W3C home > Mailing lists > Public > public-pkg-uri-scheme@w3.org > February 2009

RE: MIME types for packaged content

From: Larry Masinter <masinter@adobe.com>
Date: Tue, 24 Feb 2009 10:37:22 -0800
To: "marcosc@opera.com" <marcosc@opera.com>, Larry Masinter <masinter@adobe.com>
CC: Bjoern Hoehrmann <derhoermi@gmx.net>, public-pkg-uri-scheme <public-pkg-uri-scheme@w3.org>
Message-ID: <8B62A039C620904E92F1233570534C9B0118C86E211E@nambx04.corp.adobe.com>
2009/2/13 Larry Masinter <masinter@adobe.com>:

> I think it would be much better to allow content types to be
> derived by the packager and included in the package on
> a file-by-file basis. This was the finding during the
> development of MHTML many years ago, and the situation
> isn't different here.
to which Marcos replied:

> Personally, I'm not a big fan of having to get a packager to inspect
> all the media types to derive a manifest every time I build a package

But of course, that wasn't what I was proposing, 
and your proposal seems to allow what I was asking
for -- a way for individual types of individual
content to be marked.

-  "allow" is different from "require".
-  The information about content-types need not be
    in the "manifest" -- there are several other possibilities

I think the criteria for evaluation of the proposals should
be primarily focused on interoperability. If you use file
extensions to denote file types, then you will be faced with
content which would have to be renamed, but renaming is
itself a difficulty because it can't be done effectively
for some content and even when possible, requires rewriting
content that is otherwise sent intact.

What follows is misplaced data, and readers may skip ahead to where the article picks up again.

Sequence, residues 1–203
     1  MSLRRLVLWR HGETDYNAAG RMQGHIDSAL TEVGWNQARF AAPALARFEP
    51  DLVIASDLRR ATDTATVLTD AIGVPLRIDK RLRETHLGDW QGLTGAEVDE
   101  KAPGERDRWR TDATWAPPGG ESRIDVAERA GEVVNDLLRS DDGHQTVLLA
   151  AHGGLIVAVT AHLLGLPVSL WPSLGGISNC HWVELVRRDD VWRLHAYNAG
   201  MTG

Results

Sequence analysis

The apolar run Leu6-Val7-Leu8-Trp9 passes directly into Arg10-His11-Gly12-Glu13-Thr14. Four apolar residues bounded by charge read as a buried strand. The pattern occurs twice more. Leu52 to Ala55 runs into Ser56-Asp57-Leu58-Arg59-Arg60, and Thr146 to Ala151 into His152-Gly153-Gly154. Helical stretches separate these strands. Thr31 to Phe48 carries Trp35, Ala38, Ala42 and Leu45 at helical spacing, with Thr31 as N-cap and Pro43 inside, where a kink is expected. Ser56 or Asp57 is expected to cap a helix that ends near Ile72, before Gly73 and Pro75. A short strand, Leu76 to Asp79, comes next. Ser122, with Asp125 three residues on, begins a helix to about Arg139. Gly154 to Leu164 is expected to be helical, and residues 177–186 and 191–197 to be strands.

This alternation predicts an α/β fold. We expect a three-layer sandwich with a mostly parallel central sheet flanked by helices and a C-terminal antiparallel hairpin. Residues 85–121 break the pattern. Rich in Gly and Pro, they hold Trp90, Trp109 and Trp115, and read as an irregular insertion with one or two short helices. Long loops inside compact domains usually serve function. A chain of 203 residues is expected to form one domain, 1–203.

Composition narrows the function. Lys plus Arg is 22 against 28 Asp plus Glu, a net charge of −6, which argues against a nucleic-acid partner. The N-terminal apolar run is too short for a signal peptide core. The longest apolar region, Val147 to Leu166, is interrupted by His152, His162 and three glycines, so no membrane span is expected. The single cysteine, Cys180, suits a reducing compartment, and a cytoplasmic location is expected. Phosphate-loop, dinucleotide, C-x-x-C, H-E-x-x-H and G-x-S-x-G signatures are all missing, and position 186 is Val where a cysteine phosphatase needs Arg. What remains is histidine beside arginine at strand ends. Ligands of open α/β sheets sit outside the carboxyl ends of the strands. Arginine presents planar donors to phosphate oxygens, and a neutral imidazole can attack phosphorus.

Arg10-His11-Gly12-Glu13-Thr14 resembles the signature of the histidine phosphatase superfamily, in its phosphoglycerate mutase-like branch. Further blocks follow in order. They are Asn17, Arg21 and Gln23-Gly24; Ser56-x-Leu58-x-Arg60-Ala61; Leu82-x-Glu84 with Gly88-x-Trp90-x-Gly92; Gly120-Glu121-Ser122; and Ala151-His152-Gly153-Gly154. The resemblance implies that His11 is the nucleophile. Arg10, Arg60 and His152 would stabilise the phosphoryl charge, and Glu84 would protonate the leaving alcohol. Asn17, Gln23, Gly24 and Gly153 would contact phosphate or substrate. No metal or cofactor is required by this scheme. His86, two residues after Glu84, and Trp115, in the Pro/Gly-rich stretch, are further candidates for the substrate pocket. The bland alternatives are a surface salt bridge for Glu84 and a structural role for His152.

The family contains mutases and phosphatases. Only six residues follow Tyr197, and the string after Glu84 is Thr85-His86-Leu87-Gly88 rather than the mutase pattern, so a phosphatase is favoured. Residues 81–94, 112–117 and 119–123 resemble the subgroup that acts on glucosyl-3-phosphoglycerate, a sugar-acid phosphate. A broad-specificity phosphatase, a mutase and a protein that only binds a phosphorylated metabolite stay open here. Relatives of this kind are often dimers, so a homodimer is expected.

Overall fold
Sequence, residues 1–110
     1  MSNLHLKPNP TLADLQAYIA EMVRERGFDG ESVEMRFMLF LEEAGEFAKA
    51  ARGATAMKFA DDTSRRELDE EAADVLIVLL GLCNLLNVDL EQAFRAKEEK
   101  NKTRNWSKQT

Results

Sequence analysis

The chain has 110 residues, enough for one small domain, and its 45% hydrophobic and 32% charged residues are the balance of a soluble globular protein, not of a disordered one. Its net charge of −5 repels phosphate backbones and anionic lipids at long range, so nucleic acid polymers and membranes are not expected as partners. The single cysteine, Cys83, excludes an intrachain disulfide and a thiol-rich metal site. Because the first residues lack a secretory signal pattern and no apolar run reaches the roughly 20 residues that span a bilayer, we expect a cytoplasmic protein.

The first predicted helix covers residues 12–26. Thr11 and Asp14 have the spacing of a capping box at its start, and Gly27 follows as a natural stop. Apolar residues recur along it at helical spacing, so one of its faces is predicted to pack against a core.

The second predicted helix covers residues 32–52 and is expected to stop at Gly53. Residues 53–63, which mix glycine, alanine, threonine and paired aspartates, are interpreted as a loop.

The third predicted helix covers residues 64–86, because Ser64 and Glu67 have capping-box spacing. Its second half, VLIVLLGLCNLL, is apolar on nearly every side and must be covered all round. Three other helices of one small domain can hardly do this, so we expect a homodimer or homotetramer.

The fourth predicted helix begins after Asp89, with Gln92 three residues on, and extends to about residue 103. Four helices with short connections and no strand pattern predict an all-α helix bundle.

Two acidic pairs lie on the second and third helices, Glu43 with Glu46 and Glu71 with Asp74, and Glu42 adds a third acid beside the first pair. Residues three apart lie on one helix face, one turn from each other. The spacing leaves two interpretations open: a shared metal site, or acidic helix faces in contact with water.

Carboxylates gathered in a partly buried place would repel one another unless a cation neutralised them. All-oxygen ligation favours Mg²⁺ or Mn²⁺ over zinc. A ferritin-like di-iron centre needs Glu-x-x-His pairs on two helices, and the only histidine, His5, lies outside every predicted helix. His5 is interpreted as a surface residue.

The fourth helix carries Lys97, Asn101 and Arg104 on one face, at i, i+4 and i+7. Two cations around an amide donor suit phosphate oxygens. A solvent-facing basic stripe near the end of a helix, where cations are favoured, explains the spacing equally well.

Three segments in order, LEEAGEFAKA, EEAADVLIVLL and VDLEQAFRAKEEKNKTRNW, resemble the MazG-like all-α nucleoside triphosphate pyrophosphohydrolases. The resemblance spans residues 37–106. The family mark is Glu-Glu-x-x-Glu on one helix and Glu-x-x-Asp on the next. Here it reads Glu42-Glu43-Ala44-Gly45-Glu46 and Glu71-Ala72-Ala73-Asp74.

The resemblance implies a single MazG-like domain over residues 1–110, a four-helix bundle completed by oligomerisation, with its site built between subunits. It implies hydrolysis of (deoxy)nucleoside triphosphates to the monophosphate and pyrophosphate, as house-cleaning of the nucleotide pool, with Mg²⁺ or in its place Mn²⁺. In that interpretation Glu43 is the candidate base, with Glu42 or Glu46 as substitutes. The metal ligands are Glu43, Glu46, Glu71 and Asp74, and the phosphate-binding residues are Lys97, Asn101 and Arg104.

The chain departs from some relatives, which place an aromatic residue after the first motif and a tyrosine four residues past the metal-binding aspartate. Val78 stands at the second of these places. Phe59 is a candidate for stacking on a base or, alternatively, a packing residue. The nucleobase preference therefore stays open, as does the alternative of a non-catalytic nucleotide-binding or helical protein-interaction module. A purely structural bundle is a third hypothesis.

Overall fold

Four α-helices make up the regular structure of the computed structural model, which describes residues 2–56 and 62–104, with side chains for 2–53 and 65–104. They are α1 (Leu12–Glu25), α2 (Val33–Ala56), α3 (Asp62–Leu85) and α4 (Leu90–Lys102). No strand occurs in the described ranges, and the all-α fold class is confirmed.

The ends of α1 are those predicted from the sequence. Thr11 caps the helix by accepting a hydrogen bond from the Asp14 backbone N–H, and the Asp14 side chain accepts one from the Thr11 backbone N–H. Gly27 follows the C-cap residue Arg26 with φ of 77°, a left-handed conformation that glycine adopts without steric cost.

That was the reason why MHTML allowed file-by-file

Of course, the packager is itself reading the files in
any case to include them in the package, so I don't
think there's a significant performance impact.

> (I think if there is going to be a media type sniffer then it should
> just be built into the widget engine and should have standardized
> behavior... whatever that may be). 

If the source of a message knows something
about the types of data it is including in the
message, then the source should be able to
communicate that knowledge in an effective way.

The source may have additional information about
file types that requires no  "sniffing" at all.

The "sniffing" process is intrinsically unreliable.
There are well-known cases where file types
cannot be accurately "sniffed". 

In some cases, the sender might have locally
configured file extensions or creator codes
or other maintained sources of information, using
conventions only known to the sender and not
to the receiver, or other locally established
ways of mapping files to file types.

Perhaps misconfigured HTTP servers have damaged
the value of Content-Type headers in HTTP (a claim I
will dispute, but not the subject here), but if you
are creating a new packaging system, carrying forward
the breakage makes less sense.

> I also see having a 1 to 1 mapping between file and